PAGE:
Tuesday, October 05, 2010

Graceling by Kristin Cashore


In a world where people born with an exceptional skill, known as a Grace, are feared and exploited, Katsa carries the burden of a skill even she despises: the Grace of killing. She lives under the command of her Uncle Randa, King of the Middluns, and is expected to carry out his dirty work, punnishing and torturing anyone who displeases him. Breaking arms and cutting off fingers are her stock-in-trade. Finding life under his rule increasingly unbearable Katsa forms an underground Council, whose purpose is to combat the destructive behaviour of the seven kings - after all, the Middluns is only one of the Seven Kingdoms, each of them ruled by their own king and his personal agenda for power. When the Council hears that the King of Liend's father has been kidnapped Katsa investigates . . . and stumbles across a mystery. Who would want to kidnap him, and why? And who was the extraordinary Graced fighter who challenged her fighting skills, for the first time, as she and the Council rushed the old man to saftey? Something dark and deadly is rising in the north and creeping across the continent, and behind it all lurks the shadowy figure of a one-eyed king . . .

My review is: buy the book, read it, love it.

Didn't think I'd get away with it.  Dammit.

I'm late to the party, as usual.  Practically the whole world has read and reviewed Graceling by Kristin Cashore and it is for that reason that I was so wary of it.  I was scared of the fuss and the buzz. 

And it's died down a bit now and perhaps I get to perhaps kick it off again?

I didn't think I would like Graceling as much as I did Fire, the companion novel which I read first.  Call me crazy.  And I don't like it as much as I did Fire.  Fire was an excercise of awesome.  Graceling was the practice run towards awesome. It is a pretty damn good book and I utterly loved Katsa and her Graced fighter, Po.  I loved the story line, the mystery at its heart and the overall feel of the story.  There is nothing wrong with the story or the writing, I just think that Fire is the superior one of the two novels and I suspect that the third novel, Bitterblue will again be the better one of all three.  Because I think that Ms. Cashore will just keep getting better and better with each book.  

The thing is, you can see how the author has progressed as writer.  First came Graceling, then came Fire.  This girl (Ms. Cashore) has talent, heaps and heaps of it.  Graceling is a strong graceful debut novel with memorable characters, interesting concepts and very good world building. Fire, more so.

But this review is about Graceling.  Actually, the review is about Katsa who is the Graceling and who is the main character of the novel.  She is pretty much the scariest heroine conceived, what with her Killing grace.  But she is also tremendously conflicted about it and spends a lot of time making sure she is careful with her grace.  I loved how her grace became less of an issue once she meets the mysterious Po and discovers that he is a graced fighter.  I would love to see a physical fight in real time between them.  I suspect it may be something out of Crouching Tiger, Hidden Dragon and Enter the Dragon and a John Woo movie. 

There are various fight scenes and various forms of martial combat in the novel but what the author does, instead of writing page after page after page of tedious sequences, she gives these amazing little snippets and bursts of imagery that completely satisfies.  It is one of the many things I appreciate about her writing skill.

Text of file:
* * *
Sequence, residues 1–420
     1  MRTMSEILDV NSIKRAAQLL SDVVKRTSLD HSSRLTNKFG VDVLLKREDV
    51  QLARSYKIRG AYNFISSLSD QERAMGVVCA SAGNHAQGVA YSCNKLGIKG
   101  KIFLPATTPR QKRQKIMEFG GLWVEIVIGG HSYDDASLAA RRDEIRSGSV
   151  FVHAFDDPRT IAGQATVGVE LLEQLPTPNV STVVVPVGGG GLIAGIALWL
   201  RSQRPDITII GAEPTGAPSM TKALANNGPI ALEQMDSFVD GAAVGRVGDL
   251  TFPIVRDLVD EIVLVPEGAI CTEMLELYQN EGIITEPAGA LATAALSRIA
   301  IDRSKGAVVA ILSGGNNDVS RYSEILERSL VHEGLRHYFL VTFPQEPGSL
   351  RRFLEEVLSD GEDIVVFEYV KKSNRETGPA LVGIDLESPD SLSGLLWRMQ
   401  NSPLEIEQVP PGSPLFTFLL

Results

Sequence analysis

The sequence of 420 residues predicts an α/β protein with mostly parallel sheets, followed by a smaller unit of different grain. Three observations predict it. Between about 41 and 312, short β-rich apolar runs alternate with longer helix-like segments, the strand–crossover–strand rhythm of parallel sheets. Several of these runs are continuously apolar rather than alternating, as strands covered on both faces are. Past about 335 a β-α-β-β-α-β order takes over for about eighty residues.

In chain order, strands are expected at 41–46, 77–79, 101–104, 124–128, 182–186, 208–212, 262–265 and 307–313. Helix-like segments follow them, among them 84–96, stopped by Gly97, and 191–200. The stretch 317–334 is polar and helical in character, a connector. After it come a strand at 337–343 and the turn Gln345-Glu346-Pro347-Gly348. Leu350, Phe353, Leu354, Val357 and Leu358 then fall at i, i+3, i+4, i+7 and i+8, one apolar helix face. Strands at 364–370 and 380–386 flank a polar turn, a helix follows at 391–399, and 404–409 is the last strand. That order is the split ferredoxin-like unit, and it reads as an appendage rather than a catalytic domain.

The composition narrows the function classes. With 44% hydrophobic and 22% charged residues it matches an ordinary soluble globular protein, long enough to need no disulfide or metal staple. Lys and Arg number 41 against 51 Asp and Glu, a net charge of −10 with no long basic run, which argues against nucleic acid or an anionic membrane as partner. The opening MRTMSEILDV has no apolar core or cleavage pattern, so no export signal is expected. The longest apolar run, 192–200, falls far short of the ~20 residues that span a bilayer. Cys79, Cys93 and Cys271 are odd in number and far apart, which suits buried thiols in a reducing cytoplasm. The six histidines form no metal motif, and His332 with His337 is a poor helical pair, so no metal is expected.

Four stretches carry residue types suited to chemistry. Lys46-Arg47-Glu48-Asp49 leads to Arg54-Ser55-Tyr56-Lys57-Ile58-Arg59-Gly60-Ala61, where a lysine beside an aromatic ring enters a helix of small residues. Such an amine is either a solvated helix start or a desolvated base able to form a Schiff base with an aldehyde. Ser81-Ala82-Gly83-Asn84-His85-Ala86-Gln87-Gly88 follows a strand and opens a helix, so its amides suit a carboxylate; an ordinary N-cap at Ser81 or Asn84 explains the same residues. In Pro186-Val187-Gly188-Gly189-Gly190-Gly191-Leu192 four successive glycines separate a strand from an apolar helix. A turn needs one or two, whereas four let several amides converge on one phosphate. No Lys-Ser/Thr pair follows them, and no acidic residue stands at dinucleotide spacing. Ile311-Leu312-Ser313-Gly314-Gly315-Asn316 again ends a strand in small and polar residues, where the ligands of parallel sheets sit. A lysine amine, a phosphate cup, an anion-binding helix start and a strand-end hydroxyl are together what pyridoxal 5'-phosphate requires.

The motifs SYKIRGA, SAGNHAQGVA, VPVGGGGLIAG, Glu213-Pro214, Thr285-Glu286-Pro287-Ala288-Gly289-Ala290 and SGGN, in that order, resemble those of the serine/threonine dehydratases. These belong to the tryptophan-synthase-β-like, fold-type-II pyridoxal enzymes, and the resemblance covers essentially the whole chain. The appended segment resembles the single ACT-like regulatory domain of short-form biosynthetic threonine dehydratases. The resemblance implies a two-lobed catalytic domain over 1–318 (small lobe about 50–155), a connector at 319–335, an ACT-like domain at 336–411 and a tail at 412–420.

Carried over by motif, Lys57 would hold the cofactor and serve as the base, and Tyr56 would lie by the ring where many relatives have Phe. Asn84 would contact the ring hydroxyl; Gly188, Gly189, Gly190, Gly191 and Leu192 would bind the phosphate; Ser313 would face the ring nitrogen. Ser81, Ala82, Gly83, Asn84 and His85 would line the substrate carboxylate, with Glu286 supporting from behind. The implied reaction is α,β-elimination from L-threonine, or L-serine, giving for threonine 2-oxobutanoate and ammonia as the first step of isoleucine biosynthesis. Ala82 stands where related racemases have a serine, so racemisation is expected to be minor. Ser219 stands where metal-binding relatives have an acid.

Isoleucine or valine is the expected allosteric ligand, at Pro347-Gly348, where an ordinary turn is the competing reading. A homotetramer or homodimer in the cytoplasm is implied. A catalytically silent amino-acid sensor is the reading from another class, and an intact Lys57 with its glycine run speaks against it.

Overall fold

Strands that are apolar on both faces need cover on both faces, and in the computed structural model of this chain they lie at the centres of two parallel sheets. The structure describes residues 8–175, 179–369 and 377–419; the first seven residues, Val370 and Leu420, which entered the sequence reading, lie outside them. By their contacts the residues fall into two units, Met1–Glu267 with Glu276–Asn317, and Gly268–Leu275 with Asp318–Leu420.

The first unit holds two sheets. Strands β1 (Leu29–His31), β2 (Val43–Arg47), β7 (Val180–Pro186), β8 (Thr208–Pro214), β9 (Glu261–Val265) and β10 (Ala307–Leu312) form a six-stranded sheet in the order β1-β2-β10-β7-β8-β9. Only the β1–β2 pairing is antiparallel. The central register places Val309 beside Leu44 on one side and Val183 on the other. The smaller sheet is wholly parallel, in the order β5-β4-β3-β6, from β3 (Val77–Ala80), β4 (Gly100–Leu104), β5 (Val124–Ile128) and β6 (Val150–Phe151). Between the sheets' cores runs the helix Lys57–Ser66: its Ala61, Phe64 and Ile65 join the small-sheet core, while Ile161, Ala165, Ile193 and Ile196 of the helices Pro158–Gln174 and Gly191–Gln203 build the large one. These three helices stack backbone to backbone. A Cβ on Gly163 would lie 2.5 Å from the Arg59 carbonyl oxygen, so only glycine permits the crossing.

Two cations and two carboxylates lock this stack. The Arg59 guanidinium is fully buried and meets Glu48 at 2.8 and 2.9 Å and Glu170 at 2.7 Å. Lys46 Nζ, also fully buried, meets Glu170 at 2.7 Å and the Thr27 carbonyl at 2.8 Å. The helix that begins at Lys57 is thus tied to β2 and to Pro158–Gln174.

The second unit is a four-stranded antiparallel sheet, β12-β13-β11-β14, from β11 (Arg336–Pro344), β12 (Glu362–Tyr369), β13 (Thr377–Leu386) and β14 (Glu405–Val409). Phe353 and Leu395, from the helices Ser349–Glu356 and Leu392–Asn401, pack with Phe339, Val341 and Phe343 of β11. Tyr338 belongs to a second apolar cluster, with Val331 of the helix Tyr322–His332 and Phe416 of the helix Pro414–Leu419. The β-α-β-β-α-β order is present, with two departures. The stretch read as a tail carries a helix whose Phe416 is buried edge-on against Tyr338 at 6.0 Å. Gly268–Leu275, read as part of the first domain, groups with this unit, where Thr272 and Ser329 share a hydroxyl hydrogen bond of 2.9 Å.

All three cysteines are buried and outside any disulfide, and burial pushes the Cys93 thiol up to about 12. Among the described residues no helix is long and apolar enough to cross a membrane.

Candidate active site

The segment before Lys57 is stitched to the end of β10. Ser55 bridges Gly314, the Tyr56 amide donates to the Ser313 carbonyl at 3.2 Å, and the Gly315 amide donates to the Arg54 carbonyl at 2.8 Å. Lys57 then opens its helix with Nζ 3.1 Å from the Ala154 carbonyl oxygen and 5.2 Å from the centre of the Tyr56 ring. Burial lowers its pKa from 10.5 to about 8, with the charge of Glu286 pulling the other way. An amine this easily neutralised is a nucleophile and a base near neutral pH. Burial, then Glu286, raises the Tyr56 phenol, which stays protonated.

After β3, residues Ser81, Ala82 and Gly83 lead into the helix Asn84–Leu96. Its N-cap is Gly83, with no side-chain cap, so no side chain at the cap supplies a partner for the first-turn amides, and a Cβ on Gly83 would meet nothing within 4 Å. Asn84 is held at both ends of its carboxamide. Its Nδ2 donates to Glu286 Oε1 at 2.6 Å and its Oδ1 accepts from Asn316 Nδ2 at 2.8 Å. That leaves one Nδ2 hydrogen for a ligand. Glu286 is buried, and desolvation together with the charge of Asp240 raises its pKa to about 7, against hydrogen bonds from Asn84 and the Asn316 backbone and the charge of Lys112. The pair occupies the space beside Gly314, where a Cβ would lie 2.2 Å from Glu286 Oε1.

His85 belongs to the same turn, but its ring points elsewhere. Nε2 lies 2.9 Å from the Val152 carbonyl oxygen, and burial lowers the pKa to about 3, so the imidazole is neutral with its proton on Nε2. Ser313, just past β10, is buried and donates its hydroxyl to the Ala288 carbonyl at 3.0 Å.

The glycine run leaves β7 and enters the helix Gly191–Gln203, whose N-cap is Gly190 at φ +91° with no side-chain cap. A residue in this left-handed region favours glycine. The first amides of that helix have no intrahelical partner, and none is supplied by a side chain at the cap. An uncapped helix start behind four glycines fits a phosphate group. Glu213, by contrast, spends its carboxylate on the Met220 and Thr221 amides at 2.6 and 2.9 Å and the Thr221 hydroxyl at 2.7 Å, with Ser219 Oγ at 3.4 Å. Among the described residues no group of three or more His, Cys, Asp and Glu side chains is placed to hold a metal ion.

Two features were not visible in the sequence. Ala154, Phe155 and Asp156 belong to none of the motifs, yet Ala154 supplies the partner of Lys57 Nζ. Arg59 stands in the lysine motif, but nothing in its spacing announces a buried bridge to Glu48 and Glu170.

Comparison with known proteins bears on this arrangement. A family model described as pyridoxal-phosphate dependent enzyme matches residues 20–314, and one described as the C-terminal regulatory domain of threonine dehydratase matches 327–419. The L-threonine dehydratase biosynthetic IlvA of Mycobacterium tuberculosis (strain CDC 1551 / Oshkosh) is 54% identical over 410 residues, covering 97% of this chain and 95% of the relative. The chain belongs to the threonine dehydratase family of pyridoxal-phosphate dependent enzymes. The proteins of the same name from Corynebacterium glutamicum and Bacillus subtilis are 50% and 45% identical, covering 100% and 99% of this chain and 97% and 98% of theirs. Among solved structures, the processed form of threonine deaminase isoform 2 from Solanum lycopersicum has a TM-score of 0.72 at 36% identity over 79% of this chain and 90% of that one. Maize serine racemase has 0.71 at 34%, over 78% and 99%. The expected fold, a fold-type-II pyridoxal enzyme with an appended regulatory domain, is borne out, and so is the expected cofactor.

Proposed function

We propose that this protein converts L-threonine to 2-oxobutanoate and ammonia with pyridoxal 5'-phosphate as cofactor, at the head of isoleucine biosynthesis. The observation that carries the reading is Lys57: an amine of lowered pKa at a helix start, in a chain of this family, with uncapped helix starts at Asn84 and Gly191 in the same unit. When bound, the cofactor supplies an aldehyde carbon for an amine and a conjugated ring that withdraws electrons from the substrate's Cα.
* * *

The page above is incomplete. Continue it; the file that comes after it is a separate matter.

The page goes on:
I'd say that if you are an aspiring writer, to read both Graceling and Fire to see what the author does with voice and characterisation.  When you sit in "how to get published" seminars and an agent and publisher can't quanitfy what exactly they mean by "voice" and "I'll know it when I see it", they are talking about the talent Ms. Cashore has in abundance.  It sucks you into the narrative so that you reluctantly have to tear yourself away from it back to the real world on occasion.

Some sections of Graceling does however require some suspension of disbelief, more than others.  But you know, just go with it because at the end of the day, you are reading about a character who has tremendous innate skill and is basically one of the X-Men of her world.

I'm not sorry I've waited this long to read Graceling.  It was a pure treat, written by an author who has great skill and you can just tell she had a great time writing it too.  The narrative flows well, the characters and minor characters are fun to hang around with and at the end of the novel, I think a bit of Katsa's gutsiness may have rubbed off on me.  *swings her axe*

Graceling is published here in the UK by Gollancz.


Lauren said...

It really is great to see this one getting some blog love again. As someone who hasn't yet read Fire, the fact that you think it's *even* better than Graceling is definitely enough to give me a nudge to read it asap. I have to say though I'm most looking forward to reading Bitterblue - can't wait to see where Cashore takes that character.

Peta said...

I absolutely loved these two books when I read them in January and I've already placed my pre-order for Bitterblue! I am already looking forward to the excuse to reread Fire in preparation for that book arriving next year.

Ladybug said...

Great review! I'm even later to this party, I have Graceling in my TBR pile but I haven't picked it up yet.

Carmen said...

I'm even later, later, LATER as this is the first I've heard of it. Will definitely be searching it out based on your review :)

Janicu said...

Have you read FIRE yet? I think I loved it even more than GRACELING! :) I am glomming on Kristin Cashore.